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FIFA officially allows headscarves, turbans for players - ASHARQ AL-AWSAT English Archive
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Algeria's female soccer team players pose before their return match with Morocco in the African Nations Football Championship Ladies CAN 2014 on March 1, 2014 at the Crown Prince Moulay El Hassan Stadium in Rabat, Morocco. (AFP Photo/Fadel Senna)

Algeria’s female soccer team players pose before their return match with Morocco in the African Nations Football Championship Ladies CAN 2014 on March 1, 2014 at the Crown Prince Moulay El Hassan Stadium in Rabat, Morocco. (AFP Photo/Fadel Senna)

Zurich, AP—Soccer’s global governing body FIFA will officially allow male and female players to cover their heads during soccer matches for religious reasons.

The decision was approved a meeting of the sport’s rules-making panel, the International Football Association Board (IFAB), in Zurich on Saturday, and will mean that items such as headscarves for women or turbans for men can be worn during matches.

“It was decided that female players can cover their heads to play,” said FIFA Secretary-General Jerome Valcke after the meeting.

“It was decided that male players can play with head cover too. It will be a basic head cover and the colour should be the same as the team jersey,” he said.

He added that Jordan’s hosting of the FIFA Under-17 Women’s World Cup played a decisive role in the taking of the decision.

The wearing of all head covers during matches had been banned until 2012. FIFA had claimed they posed an injury risk to the player’s head or neck. However, following tests taking place over the last two years, the governing body has made the approval.

On Saturday, IFAB also banned players from revealing any slogans or images on their undershirts during the upcoming World Cup in Brazil.

The ban, which had previously related only to political and religious statements and advertising, will take effect on June 1, in time for the competition.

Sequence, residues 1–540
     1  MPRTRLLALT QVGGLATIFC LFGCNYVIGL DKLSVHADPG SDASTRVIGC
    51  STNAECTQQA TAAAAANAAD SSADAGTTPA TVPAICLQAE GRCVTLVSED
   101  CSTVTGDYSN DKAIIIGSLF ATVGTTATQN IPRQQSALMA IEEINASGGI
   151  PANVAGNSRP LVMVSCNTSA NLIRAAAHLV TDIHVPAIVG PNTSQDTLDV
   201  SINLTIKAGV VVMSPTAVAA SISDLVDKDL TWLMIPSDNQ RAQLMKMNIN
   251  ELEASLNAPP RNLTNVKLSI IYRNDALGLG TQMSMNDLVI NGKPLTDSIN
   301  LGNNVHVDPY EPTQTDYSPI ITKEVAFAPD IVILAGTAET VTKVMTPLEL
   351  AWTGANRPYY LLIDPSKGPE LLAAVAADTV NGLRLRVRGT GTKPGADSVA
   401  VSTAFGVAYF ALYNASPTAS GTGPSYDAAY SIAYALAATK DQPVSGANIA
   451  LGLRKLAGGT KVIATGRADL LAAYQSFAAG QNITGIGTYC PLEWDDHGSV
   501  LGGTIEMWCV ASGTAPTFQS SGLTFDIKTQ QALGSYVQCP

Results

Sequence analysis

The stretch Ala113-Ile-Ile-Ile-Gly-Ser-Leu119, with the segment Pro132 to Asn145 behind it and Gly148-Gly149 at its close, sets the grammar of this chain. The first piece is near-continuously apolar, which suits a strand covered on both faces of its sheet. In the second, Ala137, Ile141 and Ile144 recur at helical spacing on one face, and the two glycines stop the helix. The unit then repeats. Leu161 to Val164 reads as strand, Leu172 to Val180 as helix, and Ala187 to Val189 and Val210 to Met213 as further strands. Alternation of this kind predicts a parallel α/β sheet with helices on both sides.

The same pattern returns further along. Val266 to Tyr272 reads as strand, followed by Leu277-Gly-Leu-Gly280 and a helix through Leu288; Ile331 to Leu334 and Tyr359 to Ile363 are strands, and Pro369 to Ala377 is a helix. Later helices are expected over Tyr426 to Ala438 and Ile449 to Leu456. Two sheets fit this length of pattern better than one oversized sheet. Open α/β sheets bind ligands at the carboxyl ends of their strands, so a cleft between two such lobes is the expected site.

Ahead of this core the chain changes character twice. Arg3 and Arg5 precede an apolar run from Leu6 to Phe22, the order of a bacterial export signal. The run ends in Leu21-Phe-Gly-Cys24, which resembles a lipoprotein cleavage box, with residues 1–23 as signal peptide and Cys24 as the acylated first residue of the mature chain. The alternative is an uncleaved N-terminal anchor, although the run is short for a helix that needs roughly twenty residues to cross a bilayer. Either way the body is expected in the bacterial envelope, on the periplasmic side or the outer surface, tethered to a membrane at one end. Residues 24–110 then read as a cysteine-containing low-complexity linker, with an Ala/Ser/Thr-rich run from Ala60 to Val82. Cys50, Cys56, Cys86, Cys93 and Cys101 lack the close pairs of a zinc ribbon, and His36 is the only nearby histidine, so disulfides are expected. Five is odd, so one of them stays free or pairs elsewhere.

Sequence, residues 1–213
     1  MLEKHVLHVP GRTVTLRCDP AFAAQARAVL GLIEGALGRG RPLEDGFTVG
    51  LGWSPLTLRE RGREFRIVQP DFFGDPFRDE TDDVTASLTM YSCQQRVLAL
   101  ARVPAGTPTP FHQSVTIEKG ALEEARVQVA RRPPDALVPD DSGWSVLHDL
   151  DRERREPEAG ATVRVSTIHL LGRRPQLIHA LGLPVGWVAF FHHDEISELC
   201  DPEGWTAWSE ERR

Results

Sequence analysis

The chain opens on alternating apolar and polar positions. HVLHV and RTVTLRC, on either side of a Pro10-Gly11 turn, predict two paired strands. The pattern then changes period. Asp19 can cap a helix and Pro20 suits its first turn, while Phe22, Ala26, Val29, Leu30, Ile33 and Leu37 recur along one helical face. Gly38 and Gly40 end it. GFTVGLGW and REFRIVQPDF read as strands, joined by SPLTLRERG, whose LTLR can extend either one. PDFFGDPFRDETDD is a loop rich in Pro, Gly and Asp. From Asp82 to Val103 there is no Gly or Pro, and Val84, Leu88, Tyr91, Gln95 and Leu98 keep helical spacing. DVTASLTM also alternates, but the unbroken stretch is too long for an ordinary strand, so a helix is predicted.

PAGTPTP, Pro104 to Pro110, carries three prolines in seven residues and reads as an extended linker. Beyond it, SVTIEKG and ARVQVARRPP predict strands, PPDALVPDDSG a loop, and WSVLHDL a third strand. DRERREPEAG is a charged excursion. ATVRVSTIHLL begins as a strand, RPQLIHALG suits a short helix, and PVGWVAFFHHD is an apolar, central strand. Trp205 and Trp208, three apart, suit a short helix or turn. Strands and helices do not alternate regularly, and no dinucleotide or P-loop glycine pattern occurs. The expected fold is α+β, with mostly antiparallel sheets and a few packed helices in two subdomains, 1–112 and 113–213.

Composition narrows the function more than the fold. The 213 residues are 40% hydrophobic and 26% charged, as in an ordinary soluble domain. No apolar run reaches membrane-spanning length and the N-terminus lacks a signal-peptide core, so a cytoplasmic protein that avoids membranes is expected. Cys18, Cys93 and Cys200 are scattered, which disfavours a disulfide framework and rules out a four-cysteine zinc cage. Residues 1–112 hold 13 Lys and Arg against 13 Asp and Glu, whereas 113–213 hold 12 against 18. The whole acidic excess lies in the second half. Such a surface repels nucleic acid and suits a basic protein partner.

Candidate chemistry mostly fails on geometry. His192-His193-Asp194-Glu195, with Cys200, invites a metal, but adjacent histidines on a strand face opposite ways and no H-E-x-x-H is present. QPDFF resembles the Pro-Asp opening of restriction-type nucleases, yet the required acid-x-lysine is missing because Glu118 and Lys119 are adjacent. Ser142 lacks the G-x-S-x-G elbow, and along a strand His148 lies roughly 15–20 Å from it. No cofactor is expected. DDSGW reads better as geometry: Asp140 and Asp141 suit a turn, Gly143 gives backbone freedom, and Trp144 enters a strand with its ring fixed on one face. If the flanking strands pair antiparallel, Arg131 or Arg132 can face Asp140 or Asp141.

The panel said breaking the rule was not a yellow-card offense, though players can be disciplined by competition organizers.

“We think it’s the simplest rule for the image of the game to start from the basis that there is no room for slogans, images or alternative sponsor logos on the undershirt,” said IFAB member Alex Horne, general secretary of England’s Football Association.

At the 2010 World Cup final, Spain midfielder Andres Iniesta scored the winning goal then took off his shirt to reveal a statement on his undershirt dedicated to a Spanish player who died that season. That act will now lead to a probable FIFA fine in addition to a yellow card for removing the shirt.

The tougher rule on personal messages also follows incidents this season when players including Didier Drogba of Galatasaray revealed tributes to Nelson Mandela on their undershirts.

Italy forward Mario Balotelli famously revealed “Why Always Me?” written on his undershirt in 2011 after scoring for his then-club Manchester City against crosstown rival Manchester United.

Still, the IFAB panel—comprising FIFA and the four British associations—agreed the England-proposed amendment would help avoid complications with statements having different meanings in different languages and cultures.

“It is better to say no and have a clean situation,” Valcke said following the meeting.

Asharq Al-Awsat

Asharq Al-Awsat

Asharq Al-Awsat is the world’s premier pan-Arab daily newspaper, printed simultaneously each day on four continents in 14 cities. Launched in London in 1978, Asharq Al-Awsat has established itself as the decisive publication on pan-Arab and international affairs, offering its readers in-depth analysis and exclusive editorials, as well as the most comprehensive coverage of the entire Arab world.

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